The FAA posted its proposed airworthiness directive on Monday designed to make the Boeing 737 MAX return to air safely. The 36-page document is now open for public comment for 45 days, as expected. The “notification of proposed regulationsNot many surprises, but investors will want to know what’s inside.
The Airworthiness Directive, or AD, would require Boeing (ticker: BA) to install new flight control software. MCASShort for maneuvering augmentation systems, the flight control software is involved in two deadly MAX crashes responsible for 346 deaths and the global grounding of the aircraft.
Much of what Boeing has worked on has to do with MCAS solutions. The proposed changes are intended to ensure that MCAS is never incorrectly activated again.
In addition to incorrect activation, the new flight control system will limit the amount of changes MCAS can make in flight.
The FAA requires Boeing to update the Operations Manual. This is designed to ensure pilots are aware of sensor data or systems they may encounter in an emergency. MCAS and its activities were not sufficiently disclosed in the flight manual in its original iteration.
There are other changes that will be included in the guide in addition to more MCAS disclosures. Many changes will update checklists and procedures that must be followed when an extraordinary condition is observed.
New MAX display system
A new display and software package will generate an attack angle for disagree. Incorrect angle of view data, entry into flight control systems due to faulty sensors, activated MCAS, catalytic events ending in tragedy. The FAA wants to ensure that there is no confusion about sensor data in the future.
MAX operators will also need a new angle of view sensor test.
The FAA requires changes to the horizontal stabilizer trim wire routing installations. The horizontal stabilizer is essentially the rear wing that can move up or down to adjust the angle of an airplane. This change does not affect procedures involving manual adjustment of the tail wing position – something discussed during the grounding of the aircraft. Instead, it takes wiring to new standards.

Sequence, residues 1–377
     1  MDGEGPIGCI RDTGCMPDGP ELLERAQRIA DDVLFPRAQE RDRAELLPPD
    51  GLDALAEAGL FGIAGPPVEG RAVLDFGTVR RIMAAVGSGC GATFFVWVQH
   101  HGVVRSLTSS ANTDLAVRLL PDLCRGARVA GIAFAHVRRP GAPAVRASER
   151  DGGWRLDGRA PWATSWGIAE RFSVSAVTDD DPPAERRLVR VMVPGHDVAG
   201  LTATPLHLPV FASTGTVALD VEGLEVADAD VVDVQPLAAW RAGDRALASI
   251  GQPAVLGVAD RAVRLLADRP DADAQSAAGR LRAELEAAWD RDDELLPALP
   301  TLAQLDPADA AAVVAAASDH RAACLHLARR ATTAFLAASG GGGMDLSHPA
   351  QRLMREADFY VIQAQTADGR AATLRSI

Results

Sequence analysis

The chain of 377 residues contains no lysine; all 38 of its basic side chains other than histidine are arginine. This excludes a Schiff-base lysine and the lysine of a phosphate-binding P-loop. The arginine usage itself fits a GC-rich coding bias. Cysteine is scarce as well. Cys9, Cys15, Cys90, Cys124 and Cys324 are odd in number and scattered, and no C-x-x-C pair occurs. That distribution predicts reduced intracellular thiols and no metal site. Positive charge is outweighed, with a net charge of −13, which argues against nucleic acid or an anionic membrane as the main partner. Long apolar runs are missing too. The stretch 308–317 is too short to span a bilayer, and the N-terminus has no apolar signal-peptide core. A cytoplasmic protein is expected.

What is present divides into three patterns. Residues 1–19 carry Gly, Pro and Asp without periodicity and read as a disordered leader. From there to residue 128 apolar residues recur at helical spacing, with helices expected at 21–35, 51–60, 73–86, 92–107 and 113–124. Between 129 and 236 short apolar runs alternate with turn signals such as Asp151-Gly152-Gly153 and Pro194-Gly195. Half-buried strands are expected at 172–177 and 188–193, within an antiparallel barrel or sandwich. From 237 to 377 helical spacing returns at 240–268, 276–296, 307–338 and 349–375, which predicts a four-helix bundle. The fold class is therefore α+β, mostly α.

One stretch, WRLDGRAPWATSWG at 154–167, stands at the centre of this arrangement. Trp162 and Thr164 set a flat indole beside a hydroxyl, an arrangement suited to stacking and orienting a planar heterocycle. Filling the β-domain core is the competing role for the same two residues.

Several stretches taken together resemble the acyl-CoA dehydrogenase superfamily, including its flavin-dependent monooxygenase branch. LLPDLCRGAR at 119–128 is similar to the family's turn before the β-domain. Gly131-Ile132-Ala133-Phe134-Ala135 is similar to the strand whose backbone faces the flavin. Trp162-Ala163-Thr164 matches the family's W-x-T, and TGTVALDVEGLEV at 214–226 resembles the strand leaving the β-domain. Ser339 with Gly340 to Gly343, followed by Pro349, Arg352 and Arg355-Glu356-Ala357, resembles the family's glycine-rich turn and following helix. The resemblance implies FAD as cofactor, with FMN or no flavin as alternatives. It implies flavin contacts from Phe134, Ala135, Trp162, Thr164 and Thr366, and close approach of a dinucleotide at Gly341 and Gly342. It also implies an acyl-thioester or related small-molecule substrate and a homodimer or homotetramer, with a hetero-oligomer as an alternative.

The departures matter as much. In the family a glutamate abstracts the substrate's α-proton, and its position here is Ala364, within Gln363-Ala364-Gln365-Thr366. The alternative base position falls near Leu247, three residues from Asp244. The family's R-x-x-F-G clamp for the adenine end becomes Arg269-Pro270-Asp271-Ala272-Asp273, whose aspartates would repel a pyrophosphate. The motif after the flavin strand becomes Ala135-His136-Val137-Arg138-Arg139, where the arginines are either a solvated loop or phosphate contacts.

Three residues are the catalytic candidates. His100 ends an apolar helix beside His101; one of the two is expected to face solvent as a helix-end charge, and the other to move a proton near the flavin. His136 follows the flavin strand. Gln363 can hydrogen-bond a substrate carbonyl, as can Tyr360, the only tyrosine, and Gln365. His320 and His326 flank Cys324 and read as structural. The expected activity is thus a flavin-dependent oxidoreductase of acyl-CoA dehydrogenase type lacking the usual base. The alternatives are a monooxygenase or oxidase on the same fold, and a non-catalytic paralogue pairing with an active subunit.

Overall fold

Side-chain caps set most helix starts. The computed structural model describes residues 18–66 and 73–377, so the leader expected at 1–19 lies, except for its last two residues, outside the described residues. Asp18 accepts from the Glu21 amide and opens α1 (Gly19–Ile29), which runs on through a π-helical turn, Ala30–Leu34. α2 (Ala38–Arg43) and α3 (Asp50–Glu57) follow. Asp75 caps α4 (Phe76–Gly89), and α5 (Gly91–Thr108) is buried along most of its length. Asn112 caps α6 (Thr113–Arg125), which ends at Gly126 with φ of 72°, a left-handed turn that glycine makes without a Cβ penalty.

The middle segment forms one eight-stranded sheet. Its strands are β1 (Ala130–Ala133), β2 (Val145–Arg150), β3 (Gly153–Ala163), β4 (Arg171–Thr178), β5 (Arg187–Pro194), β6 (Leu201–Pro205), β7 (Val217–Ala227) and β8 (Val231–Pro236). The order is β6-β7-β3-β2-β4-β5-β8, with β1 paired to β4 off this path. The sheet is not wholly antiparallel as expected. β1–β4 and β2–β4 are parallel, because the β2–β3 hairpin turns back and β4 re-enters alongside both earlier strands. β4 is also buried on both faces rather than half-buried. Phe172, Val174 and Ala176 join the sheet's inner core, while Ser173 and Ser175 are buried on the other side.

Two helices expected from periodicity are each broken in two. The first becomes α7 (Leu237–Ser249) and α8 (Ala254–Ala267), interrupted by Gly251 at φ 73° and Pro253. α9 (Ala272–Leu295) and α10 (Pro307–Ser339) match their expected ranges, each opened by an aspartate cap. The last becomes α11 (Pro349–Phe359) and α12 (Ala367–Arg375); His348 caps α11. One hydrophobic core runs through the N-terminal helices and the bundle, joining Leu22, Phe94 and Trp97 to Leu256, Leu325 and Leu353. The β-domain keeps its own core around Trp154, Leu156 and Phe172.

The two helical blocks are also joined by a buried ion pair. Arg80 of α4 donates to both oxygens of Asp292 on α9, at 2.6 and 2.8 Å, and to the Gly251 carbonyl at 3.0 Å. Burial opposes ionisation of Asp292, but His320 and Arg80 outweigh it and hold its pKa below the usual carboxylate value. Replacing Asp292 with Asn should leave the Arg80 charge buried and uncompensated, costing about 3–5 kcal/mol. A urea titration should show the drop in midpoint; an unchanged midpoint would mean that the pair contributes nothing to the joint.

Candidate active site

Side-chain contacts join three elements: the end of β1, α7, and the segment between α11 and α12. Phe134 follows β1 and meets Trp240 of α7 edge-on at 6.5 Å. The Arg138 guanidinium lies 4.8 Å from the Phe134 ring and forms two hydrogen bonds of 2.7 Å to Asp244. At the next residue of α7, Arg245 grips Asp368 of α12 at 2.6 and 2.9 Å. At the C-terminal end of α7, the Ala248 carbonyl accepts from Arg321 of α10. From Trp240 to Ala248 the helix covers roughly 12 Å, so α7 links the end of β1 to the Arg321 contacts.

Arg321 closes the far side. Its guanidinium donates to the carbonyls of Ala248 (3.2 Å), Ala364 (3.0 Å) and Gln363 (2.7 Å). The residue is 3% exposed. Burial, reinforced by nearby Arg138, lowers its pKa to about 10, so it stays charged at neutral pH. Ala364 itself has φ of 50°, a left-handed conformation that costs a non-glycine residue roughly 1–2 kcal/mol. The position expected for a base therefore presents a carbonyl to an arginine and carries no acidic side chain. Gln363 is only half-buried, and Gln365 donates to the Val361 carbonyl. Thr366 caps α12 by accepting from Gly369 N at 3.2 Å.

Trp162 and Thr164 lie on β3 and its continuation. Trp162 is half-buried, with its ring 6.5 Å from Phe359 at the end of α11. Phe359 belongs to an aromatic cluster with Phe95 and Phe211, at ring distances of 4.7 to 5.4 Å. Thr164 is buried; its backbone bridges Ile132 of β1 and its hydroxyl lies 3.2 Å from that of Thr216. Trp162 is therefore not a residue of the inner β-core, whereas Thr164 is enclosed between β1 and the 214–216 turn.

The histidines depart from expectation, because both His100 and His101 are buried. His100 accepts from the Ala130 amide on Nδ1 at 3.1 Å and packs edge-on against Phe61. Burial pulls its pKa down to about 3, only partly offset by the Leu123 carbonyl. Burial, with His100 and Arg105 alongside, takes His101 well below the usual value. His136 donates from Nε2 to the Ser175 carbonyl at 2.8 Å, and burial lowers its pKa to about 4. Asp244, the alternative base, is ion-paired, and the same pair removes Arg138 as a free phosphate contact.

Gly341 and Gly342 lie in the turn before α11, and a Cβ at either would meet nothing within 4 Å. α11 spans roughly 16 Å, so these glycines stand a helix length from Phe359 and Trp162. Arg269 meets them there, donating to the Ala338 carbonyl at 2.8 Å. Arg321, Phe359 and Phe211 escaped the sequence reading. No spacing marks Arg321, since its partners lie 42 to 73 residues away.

Pilot training requirements are not part of the proposed Directive. They will come later. The FAA is evaluating new training in consultation with other global aviation regulators.
Is all this good news or bad news for Boeing shares?
The proposed changes were frankly expected. The process has taken a long time, but progress is being made. Progress is good for the stock. However, the MAX is the second major issue the company has recently faced.
Coronavirus is number one. Boeing shares are still down about 50% to date due to COVID-19 and its impact on commercial air travel. All aerospace stocks have been hit harder than most stocks in the S&P 500 or Dow Jones Industrial Average.
Recommissioning the MAX is important, of course, but most investors always do expected the plane to eventually re-enter service. After the MAX returns, investors will focus on one vaccine against coronavirus, which could take people to planes.
Boeing’s stock rose 2.7% on Monday, trading about shortly after the publication of the FAA report. Shares in premarket trading rose about 0.2% on Tuesday.
Write to Al Root at email@example.com